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Article by Virtual Worldlets Network
Disney Research has come up with a truly novel type of interface device a way to turn any house plant into a programmable haptic controller, by taking advantage of the capacitive capability of plants.
Place a single electrode into the soil of the pot holding the house plant, and it connects to the root system of the plant. The electrode sends multiple frequencies of low electric impulse into the plant, in a continuous range from 1khz to 3mhz. The pulse is low enough not to damage the plant or the human operator, but high enough that distortions can be picked up in the completed circuit.
When a part of the plant is touched, the human's hand (or animal's nose) breaks the circuit, and redirects the current into their own body. The software is able to work out which part of the plant was touched, by which specific frequency was disrupted.
This works fine for different plants of the same species whatever they actually look like, touching a given part of the plant will always produce roughly the same frequency signal, even among different members of the same species. However, every plant species is has a different internal circuit, and needs to be treated differently.
So, the driver software has to be told what species a plant actually is, before it can interact with it. Otherwise it will consistently become confused as to what part of the plant you are touching.
Because a continuous range of frequencies is used, they can be detected in parallel, which means the plants are multi-touch capable. If you stick your whole hand into a leafy plant and wriggle your fingers around; every time part of any one of your fingers touches a leaf or stem, that individual connection produces its own frequency. So even if you are in contact at a couple of hundred different points, they are all tracked in real-time.
The software itself utilises a neural network, so it is capable of learning more complex interactions, and recognising them when they are used again. The researchers have been using this fact to program a variety of complex commands into all manner of plants. Hugging a tree for example, is recognised as a hug, regardless of the height or body mass of the person doing the hugging. Additionally, when the end-user is utilising a copy of the driver, it never stops learning, so highly personal interactions will be recognised over time.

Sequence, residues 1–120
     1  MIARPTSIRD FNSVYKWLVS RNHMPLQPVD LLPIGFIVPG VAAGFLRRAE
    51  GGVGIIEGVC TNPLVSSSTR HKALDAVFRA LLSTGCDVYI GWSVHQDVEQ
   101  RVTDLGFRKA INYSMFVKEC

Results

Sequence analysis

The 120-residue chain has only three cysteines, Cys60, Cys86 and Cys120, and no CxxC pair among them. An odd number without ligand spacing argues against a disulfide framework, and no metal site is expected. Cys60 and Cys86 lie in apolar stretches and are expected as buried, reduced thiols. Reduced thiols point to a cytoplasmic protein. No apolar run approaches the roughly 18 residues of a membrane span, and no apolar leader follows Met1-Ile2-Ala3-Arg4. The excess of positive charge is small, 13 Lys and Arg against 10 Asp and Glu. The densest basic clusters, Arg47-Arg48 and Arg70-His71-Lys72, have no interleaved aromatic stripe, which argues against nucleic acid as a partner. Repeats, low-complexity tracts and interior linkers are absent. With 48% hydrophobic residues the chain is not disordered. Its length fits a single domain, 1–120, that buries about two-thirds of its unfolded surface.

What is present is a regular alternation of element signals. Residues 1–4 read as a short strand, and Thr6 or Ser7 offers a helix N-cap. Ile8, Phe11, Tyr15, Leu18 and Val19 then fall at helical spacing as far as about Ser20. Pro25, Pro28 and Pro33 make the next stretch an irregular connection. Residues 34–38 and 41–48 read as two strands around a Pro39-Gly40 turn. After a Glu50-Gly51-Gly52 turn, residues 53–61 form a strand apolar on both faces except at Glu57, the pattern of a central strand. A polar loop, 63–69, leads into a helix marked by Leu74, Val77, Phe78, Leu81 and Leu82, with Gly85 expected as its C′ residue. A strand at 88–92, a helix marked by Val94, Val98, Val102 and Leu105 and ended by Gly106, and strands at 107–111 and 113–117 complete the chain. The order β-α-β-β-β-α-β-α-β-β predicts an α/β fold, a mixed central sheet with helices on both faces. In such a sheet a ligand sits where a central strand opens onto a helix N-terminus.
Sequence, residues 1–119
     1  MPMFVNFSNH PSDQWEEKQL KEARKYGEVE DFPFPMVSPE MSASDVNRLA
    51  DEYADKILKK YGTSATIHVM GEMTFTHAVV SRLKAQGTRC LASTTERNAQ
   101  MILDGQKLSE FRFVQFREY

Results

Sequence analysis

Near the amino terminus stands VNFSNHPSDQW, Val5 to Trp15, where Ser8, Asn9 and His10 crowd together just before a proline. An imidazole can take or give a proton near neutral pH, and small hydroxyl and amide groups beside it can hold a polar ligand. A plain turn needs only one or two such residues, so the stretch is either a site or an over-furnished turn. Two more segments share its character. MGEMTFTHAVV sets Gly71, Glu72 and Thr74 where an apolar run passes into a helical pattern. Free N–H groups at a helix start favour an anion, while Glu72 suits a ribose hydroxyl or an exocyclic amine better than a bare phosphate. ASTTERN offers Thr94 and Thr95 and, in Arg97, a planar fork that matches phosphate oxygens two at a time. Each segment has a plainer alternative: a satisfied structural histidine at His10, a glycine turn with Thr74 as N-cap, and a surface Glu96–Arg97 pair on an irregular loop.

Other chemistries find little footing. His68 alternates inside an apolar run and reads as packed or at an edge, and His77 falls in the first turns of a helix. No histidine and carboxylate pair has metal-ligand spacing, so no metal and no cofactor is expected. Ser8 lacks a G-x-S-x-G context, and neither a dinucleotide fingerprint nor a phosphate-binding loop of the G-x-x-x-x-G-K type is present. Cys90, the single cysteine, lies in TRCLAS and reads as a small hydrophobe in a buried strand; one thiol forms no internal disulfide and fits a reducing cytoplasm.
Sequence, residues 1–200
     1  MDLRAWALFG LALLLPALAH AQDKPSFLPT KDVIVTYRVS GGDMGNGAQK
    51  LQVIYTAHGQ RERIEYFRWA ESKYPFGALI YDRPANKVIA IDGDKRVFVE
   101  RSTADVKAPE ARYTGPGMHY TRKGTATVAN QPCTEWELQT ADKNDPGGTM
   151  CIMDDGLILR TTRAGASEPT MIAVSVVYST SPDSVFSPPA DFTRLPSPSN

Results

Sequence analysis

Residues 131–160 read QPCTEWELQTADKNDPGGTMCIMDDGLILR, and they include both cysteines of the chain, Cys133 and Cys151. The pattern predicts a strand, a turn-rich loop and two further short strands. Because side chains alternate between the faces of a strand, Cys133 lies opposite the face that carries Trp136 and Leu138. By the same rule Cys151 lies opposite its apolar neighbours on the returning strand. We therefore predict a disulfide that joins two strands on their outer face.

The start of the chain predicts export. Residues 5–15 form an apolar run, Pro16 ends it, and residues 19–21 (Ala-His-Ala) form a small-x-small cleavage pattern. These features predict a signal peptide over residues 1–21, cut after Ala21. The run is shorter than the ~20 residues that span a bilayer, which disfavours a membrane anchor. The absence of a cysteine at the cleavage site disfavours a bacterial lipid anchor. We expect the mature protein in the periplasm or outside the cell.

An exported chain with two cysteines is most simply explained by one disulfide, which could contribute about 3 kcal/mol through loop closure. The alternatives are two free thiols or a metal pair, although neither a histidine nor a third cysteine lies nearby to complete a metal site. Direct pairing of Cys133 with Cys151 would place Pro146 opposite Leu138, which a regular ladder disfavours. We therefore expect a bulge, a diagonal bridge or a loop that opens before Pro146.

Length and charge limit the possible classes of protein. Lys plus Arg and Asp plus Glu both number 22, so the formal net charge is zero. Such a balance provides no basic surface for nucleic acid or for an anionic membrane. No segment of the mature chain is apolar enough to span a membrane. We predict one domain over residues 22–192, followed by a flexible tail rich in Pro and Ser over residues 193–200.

|The tree is hugged many times in similar ways. Through this process, the software learns to recognise the intent of a hug, even when different parts of the tree are touched, so long as the same basic hand configuration is used.|
In addition, because the circuits for each species of plant are the same for all members of that species, that same circuit can be recreated in an artificial plant, so that touching it will trigger the same responses as touching a living one.
The response codes are dealt with inside the computer as programmable input codes, being tied into any task the programmers minds could envisage. They displayed their prototype, codenamed Botanicus Interacticus at Siggraph 2012, using a mix of a half dozen living plants and a half dozen artificial plants, each hooked up to a display screen and audio capabilities. Some played notes as the users touched different parts of the plants, others commanded swirling patterns on big-screen monitors. One was even used as a calender, with each day being accessed by touching a different leaf.
None of these uses are very practical right now, but practicality was not really the point. Botanicus Interacticus was more to demonstrate that living plants can be used as haptic interface devices for VR and AR applications, than it was about the practical use of such devices.
In truth it is somewhat difficult to imagine a practical use for this technology in it's current state. It may prove to be more useful when paired with other technologies to monitor plant health, or connect a responsive companion AI to a favourite plant, to deepen the connection between the two. That would be particularly useful for those who spend more time bonding with plants than people through circumstances beyond their control.
As it is though, it remains a simple proof of concept and little more.